Acclaimed Chicago chef Donald Young offers a unique dining concept

Acclaimed Chicago chef Donald Young offers a unique dining concept

Just as athletes hope to one day earn the MVP award in their respective sport, chefs aspire to earn a coveted Michelin star. After all, being awarded a star is the highest distinction in the culinary world and means that a chef has met or exceeded strict criteria.

A Michelin star is awarded to restaurants with outstanding cuisine. The Michelin star inspectors take into account five universal criteria: the quality of the ingredients, the harmony of the flavors, the mastery of the techniques, the personality of the chef that is expressed in his cooking and, just as important, the consistency throughout Menu and beyond time.

One of the youngest chefs to earn a Michelin star in the United States, Chef Donald Young has found great success on Chicago’s celebrated dining scene. However, as restaurants continue to suffer from labor shortages, supply chain issues and high overhead costs, Young stepped out of the traditional restaurant kitchen and launched his solo venture. Duck Sel, in 2021. A comprehensive culinary concept, Duck Sel showcases gourmet Michelin-level cuisine in intimate dining experiences, including exclusive ticketed pop-up events, private dining, snacking on elegant cocktail affairs, and personalized cooking classes. This unconventional approach to fine dining allows Young to push the boundaries creatively while avoiding many of the challenges faced by today’s restaurant industry.

Duck Sel is a manifestation of Young’s love and talent for preparing dry-aged duck. Duck Sel breaks new ground by translating delicious cuisine from the traditional restaurant environment into an all-encompassing culinary concept. From format to menu, the possibilities at Duck Sel are endless and Young takes an unpretentious but finely tuned approach to create bold, modern dishes that take diners on an exciting journey of fine dining while showcasing Young’s culinary curiosity and creativity . Young’s culinary prowess combines many techniques that are flavorful and aggressive with delicate and simple presentation.

Young calls his team “the heart and soul of Duck Sel”. They are: Madison Burns, sous chef; Derrick Carino, sous chef; Vernon Jackson, captain; Audrey Schlenker, waitress; Mimi Lie, Head of Marketing.

“Growing up, I loved cooking with my parents, and I can give them credit for helping me get started,” says Young. “When I was about five years old I was given a cookbook with recipes for fun things like pigs in a blanket and eggs in a basket that I would make with my dad and that led to me helping my mom in the kitchen Christmas dinner helped as I got older.”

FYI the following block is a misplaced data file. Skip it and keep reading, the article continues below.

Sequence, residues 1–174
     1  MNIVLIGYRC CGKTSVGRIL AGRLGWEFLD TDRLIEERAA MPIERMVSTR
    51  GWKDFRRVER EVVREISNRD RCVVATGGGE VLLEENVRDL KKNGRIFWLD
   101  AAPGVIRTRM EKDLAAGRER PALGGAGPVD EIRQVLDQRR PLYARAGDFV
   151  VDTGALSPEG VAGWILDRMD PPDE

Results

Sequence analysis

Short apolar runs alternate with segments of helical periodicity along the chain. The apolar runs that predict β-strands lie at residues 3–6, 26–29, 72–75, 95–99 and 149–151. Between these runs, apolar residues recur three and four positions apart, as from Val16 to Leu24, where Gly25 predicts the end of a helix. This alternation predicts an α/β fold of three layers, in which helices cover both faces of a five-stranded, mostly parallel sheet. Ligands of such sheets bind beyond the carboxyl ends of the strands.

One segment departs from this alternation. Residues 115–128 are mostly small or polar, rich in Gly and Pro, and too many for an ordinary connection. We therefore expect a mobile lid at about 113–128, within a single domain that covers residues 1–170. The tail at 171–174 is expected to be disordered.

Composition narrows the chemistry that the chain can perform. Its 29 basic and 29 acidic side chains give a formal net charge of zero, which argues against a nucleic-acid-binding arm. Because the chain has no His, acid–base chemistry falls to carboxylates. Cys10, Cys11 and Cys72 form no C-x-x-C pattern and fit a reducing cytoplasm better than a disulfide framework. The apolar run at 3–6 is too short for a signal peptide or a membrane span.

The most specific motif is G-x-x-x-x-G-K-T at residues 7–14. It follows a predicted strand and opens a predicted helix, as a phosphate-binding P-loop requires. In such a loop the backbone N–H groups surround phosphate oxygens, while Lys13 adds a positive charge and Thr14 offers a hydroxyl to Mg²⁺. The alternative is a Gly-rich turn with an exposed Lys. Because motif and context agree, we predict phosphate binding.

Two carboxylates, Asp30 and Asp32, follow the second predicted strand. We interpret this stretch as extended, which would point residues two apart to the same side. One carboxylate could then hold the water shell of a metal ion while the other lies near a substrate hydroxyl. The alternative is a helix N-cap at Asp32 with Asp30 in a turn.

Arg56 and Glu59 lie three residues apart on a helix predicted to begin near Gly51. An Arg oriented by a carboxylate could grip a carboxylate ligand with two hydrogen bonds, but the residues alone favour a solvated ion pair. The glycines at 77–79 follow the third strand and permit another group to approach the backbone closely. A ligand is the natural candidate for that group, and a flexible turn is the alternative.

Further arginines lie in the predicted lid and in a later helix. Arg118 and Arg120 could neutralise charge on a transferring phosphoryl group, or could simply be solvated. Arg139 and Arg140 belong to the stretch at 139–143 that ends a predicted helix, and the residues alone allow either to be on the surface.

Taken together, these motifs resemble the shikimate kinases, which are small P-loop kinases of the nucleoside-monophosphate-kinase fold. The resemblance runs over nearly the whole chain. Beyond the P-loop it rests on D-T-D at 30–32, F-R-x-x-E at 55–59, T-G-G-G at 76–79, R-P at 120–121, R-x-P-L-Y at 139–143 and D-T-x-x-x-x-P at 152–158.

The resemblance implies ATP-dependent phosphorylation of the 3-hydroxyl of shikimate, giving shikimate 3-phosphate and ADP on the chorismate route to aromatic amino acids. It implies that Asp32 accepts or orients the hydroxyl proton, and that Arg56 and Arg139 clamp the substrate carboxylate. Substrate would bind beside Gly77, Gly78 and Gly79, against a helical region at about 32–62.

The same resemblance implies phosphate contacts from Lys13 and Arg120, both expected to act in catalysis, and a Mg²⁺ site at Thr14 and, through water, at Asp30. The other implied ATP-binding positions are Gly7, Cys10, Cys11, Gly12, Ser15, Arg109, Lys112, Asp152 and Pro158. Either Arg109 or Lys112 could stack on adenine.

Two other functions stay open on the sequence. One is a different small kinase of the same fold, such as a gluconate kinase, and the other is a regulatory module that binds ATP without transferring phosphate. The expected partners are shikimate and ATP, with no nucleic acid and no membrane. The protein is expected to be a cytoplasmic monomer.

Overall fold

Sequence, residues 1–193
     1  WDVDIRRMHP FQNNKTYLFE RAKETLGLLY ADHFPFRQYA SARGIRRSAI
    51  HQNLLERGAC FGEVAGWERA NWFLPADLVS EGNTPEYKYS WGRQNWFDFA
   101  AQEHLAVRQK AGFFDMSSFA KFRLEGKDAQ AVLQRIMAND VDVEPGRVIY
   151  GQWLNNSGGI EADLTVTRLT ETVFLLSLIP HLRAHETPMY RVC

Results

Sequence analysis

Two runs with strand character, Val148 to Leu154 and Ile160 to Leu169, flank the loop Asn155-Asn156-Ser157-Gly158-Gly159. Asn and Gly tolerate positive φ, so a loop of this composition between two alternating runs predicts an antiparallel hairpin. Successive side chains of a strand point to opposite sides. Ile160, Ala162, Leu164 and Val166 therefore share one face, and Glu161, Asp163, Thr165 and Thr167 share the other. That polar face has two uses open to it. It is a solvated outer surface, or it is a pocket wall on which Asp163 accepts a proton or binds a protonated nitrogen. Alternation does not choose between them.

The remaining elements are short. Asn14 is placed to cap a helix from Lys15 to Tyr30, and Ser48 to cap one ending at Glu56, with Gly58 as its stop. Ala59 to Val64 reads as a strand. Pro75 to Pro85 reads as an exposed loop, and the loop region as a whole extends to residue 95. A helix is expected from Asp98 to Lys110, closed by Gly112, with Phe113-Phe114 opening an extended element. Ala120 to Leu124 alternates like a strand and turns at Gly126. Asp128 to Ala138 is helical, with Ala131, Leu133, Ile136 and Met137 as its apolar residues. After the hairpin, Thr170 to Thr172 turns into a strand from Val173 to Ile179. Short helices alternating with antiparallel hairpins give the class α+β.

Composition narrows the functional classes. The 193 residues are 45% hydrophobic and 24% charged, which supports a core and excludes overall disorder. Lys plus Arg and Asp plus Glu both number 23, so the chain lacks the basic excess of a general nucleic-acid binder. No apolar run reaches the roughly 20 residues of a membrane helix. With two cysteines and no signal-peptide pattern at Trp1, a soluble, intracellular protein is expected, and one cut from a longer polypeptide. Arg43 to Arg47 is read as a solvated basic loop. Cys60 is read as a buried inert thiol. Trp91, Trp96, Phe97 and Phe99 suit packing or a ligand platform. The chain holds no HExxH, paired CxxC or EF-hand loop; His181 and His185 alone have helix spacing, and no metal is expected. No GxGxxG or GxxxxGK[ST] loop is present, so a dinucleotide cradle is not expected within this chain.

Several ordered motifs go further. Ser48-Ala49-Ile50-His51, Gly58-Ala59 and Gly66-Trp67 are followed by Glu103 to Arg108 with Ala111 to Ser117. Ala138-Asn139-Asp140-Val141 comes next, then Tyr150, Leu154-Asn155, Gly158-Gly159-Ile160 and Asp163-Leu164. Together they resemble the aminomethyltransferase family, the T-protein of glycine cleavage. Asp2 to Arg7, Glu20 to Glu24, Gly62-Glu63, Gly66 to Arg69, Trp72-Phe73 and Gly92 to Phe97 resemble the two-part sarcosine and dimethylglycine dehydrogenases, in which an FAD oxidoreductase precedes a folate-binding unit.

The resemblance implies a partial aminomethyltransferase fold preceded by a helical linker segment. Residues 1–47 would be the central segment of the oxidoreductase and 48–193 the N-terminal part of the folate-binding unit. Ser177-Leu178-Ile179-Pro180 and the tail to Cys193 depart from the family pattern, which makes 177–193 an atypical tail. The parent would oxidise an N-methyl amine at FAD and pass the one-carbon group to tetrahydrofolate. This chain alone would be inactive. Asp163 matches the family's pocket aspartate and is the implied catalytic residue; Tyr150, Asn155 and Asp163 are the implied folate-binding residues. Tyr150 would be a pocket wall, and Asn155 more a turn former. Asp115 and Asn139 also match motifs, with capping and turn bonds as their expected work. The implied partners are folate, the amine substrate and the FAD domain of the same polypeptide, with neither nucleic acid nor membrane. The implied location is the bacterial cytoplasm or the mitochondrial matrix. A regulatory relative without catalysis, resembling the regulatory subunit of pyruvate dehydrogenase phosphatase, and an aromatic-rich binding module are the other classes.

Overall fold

Young began his professional culinary journey at the age of 17, working under award-winning chef Roland Liccioni Le Francais, the famous Chicagoland French restaurant. While earning a Culinary Arts degree from Kendall College in Chicago, he secured a six-month internship in Castres, France at the Michlene-Star Bistrot Saveurs, an experience that would prove incredibly formative for his future career. Passionate about French cuisine, Young followed his mentor Liccioni for most of his career, rising through culinary roles at popular Chicago restaurants Miramar Bistro and Les nomads. After serving as co-chef and later executive chef at Temporis, Young earned the restaurant its first Michelin star in 2018 at the age of 28, becoming the youngest chef in Chicago at the time to receive this prestigious recognition. The following year, Young took on the role of executive chef woodwind before being appointed head chef of a French brasserie Venteux.

Young’s goal is to make each Duck Sel pop-up event feel like a large dinner party, with top-notch food and service, but in an atmosphere that’s fun, energetic, and unpretentious. Dinners are limited to 16 participants to create a very communal atmosphere and feature 15 courses of contemporary American cuisine prepared with seasonal ingredients and techniques he is passionate about, such as preservation and dry aging.

He says, “The first six courses takes everyone out of their comfort zone and brings the group together in a way that doesn’t happen in the traditional restaurant setting. During the second half of the meal, nostalgic fun awaits diners with the grand finale of Duck Sel’s signature dry-aged duck dish, which introduces the flavors of peanut butter and jelly. The meal ends with some really visual surprises like a burnt Basque cheesecake that is smoked and presented on the table as the last dish.”

“Where modern meets classic and whimsical meets rustic” is more than Duck Sel’s mantra. It defines the essence of this unique concept.

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